ICE detainees at one facility appear to have undergone ‘excessive’ gynecological procedures: Senate report

(WASHINGTON) — Immigration and Customs Enforcement detainees appear to have undergone “excessive, invasive, and often unnecessary gynecological procedures,” at one of their privately managed facilities according to a Senate report released this week.

Whistleblower and advocacy groups lodged complaints in 2021 into the Irwin County Detention Center in Georgia, which is managed by LaSalle Southeast, alleging that a doctor was giving unnecessary hysterectomies on ICDC detainees.

The Senate committee did not disprove the whistleblower allegation, but said the doctor in charge of the facility, Dr. Mahendra Amin who holds no board certifications, was a “clear outlier” with regard to the number of procedures performed and the type of procedures he performed.

“ICDC housed roughly 4% of female ICE detainees nationwide from 2017 to 2020. Dr. Amin accounted for roughly 6.5% of total OB-GYN visits among all ICE detainees in the same time period,” the report says. “However, he performed nearly one-third of certain OB-GYN procedures on ICE detainees across the country between 2017 and 2020 and more than 90% of some key procedures.”

Jon Ossoff, D-Ga., the chairman of the Permanent Subcommittee on Investigations — the committee that produced the report — decried the findings.

“This is an extraordinarily disturbing finding, and in my view represents a catastrophic failure to respect basic human rights,” he said in a statement.

An independent doctor whom the committee had look at Dr. Amin’s procedures, found he had “poor performance” on basic OB-GYN treatments and did not “follow the current recommendations regarding pap smears mangement.”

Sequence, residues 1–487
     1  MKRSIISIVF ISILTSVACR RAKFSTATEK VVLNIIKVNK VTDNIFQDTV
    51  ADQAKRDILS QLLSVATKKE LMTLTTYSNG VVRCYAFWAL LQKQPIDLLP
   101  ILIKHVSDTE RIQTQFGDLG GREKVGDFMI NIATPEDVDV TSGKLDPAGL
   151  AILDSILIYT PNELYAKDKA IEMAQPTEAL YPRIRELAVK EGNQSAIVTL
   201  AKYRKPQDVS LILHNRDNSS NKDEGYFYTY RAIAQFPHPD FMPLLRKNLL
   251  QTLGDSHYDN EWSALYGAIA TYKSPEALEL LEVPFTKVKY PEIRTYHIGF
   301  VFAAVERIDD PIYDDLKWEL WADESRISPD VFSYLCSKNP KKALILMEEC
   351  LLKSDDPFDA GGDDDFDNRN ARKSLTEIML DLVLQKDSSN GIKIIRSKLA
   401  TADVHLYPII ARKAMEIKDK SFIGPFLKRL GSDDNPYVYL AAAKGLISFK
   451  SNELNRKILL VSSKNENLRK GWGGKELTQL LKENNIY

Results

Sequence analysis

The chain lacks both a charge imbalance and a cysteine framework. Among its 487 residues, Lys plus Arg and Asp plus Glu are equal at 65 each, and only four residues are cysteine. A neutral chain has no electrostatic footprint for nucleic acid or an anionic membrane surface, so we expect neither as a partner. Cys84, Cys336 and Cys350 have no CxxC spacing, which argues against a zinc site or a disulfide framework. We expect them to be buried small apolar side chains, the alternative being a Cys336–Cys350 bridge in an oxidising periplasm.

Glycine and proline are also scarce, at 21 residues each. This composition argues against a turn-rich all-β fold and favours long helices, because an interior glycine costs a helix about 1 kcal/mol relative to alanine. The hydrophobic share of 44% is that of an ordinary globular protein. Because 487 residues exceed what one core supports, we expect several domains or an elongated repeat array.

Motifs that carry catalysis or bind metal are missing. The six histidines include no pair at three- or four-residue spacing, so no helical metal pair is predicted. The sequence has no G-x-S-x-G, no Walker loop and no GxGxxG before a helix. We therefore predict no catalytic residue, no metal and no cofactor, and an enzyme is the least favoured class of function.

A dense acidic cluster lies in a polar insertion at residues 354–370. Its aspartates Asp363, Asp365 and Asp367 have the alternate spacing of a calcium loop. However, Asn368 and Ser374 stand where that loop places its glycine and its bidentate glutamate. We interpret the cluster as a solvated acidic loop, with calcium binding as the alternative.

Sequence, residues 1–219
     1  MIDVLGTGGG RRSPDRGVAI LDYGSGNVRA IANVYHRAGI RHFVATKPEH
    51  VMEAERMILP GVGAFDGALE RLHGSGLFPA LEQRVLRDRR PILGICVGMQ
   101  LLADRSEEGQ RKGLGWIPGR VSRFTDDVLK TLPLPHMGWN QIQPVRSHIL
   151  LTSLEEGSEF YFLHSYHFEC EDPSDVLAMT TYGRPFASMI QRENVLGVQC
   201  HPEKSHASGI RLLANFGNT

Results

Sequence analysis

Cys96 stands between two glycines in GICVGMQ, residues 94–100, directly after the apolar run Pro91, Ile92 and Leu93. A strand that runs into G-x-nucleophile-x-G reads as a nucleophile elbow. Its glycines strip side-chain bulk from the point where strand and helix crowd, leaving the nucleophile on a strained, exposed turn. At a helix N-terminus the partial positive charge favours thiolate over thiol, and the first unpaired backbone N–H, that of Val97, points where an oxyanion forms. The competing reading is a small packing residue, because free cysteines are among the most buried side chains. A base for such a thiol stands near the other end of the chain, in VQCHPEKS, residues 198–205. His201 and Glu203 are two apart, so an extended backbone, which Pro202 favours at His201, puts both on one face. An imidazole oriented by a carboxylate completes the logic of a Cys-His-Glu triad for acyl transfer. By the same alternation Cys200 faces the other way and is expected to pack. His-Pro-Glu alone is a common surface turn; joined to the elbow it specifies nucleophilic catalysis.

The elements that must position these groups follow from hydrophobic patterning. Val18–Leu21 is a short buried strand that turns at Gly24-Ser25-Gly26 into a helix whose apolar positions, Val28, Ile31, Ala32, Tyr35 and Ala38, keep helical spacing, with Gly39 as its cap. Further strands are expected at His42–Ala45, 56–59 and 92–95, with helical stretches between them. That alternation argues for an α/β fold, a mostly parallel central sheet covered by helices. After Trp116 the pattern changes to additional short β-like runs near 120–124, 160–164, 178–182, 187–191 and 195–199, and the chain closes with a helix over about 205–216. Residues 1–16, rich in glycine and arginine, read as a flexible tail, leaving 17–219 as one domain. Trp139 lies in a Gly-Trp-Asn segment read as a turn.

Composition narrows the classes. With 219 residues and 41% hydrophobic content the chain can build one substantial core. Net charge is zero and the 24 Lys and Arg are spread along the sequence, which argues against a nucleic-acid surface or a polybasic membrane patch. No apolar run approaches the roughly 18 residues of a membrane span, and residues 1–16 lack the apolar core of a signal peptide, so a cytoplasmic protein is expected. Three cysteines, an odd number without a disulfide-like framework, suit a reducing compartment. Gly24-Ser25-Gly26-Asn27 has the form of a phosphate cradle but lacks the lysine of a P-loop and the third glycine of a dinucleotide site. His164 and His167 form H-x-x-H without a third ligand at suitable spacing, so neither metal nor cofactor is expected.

The 108-page report says Dr. Amin is under criminal investigation and soon after ICE discovered these treatments they moved all detainees from the facility.

The committee also found that there were “failures” to secure informed consent of detainees at offsite medical procedures performed on them.

“Anyone held in the custody of the U.S. government should receive proper medical care,” the report says. “The Subcommittee’s investigation into ICDC found that was not always the case for the female ICE detainees at that facility. Additionally, for years, deficiencies in detainee medical care that were identified by multiple DHS oversight components went unaddressed.”

At a hearing on Wednesday, the head of ICE’s medical treatment said because ICE terminated the contract with the Irwin County Detention Center, the recommendations of the report couldn’t be fully implemented.

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